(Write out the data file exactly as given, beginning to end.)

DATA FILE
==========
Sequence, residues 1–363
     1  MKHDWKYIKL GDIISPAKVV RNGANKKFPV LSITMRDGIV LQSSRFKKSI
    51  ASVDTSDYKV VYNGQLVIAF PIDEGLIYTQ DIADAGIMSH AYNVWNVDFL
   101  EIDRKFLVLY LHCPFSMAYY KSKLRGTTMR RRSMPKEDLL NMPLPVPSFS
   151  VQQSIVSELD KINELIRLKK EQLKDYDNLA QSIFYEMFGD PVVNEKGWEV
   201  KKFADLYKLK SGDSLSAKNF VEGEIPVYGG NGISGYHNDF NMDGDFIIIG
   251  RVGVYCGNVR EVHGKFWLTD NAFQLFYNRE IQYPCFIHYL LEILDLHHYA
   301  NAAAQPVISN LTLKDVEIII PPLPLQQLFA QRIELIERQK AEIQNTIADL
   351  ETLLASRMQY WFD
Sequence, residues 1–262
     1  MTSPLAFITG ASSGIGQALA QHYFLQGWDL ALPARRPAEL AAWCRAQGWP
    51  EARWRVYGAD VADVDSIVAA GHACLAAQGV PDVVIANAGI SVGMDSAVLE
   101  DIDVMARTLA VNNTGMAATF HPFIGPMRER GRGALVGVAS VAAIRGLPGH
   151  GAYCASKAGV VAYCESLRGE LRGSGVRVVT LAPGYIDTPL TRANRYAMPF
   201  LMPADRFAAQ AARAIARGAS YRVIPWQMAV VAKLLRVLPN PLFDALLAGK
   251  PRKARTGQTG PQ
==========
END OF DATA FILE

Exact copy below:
Sequence, residues 1–363
     1  MKHDWKYIKL GDIISPAKVV RNGANKKFPV LSITMRDGIV LQSSRFKKSI
    51  ASVDTSDYKV VYNGQLVIAF PIDEGLIYTQ DIADAGIMSH AYNVWNVDFL
   101  EIDRKFLVLY LHCPFSMAYY KSKLRGTTMR RRSMPKEDLL NMPLPVPSFS
   151  VQQSIVSELD KINELIRLKK EQLKDYDNLA QSIFYEMFGD PVVNEKGWEV
   201  KKFADLYKLK SGDSLSAKNF VEGEIPVYGG NGISGYHNDF NMDGDFIIIG
   251  RVGVYCGNVR EVHGKFWLTD NAFQLFYNRE IQYPCFIHYL LEILDLHHYA
   301  NAAAQPVISN LTLKDVEIII PPLPLQQLFA QRIELIERQK AEIQNTIADL
   351  ETLLASRMQY WFD
Sequence, residues 1–262
     1  MTSPLAFITG ASSGIGQALA QHYFLQGWDL ALPARRPAEL AAWCRAQGWP
    51  EARWRVYGAD VADVDSIVAA GHACLAAQGV PDVVIANAGI SVGMDSAVLE
   101  DIDVMARTLA VNNTGMAATF HPFIGPMRER GRGALVGVAS VAAIRGLPGH
   151  GAYCASKAGV VAYCESLRGE LRGSGVRVVT LAPGYIDTPL TRANRYAMPF
   201  LMPADRFAAQ AARAIARGAS YRVIPWQMAV VAKLLRVLPN PLFDALLAGK
   251  PRKARTGQTG PQ